So it sits. It will be repaired Someday.
And so too, perhaps, the relevance.

14 September 2010

The Quantum Mechanics of Life

According to the
Heisenberg Uncertainty Principle,
We could be smiling or crying our eyes out.
But we’ll never know until we look.

Humans are complex wavefunctions
With so many terms of kinetic energy,
human-human repulsion and attraction,
that to write it all down could take years.
We could condense the latter two terms into
one called “personality,” but still,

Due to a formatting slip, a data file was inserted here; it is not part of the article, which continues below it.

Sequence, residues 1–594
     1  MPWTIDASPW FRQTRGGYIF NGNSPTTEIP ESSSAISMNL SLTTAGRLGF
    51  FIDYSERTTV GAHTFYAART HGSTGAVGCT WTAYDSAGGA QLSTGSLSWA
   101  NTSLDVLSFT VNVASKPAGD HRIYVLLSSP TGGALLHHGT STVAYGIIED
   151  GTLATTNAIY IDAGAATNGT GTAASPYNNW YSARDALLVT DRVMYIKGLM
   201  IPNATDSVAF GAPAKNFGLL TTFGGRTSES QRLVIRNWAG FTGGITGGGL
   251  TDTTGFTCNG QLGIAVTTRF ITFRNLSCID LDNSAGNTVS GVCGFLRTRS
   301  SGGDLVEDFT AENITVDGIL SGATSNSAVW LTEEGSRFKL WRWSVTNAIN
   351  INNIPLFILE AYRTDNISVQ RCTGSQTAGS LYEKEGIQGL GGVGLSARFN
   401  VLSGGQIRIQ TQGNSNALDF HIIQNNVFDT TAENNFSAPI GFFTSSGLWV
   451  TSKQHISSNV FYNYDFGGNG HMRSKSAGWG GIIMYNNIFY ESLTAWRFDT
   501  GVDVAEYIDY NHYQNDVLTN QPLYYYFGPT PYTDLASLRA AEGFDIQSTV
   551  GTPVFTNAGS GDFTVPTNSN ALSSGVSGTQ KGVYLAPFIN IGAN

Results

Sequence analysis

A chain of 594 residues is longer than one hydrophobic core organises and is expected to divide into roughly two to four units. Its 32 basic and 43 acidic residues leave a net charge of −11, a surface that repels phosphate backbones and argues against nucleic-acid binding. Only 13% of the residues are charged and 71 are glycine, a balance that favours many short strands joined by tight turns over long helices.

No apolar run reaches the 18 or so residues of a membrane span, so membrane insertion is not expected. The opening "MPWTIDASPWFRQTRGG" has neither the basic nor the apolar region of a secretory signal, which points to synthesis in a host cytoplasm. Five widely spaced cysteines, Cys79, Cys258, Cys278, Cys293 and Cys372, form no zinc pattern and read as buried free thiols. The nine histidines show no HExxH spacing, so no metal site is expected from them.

It’s massive.

Schrödinger’s equation, a combination
of these wavefunctions, needs to be
broken down to find the answer.
You solve. You look. You analyze.
You look again and the result is different.
A new analysis is in order.

With the knowledge of the principles of
quantum mechanics,
We no longer expect,
We accept.
There are rules that simply work,
that explain the phenomenon of life,
But for no apparent reason why.

So when you walk across the street,
Or are wheeled into the hospital,
Or see your lover after many months,
Or a few hours,
Are you laughing, or crying?
Break down your wavefunction…
And find out.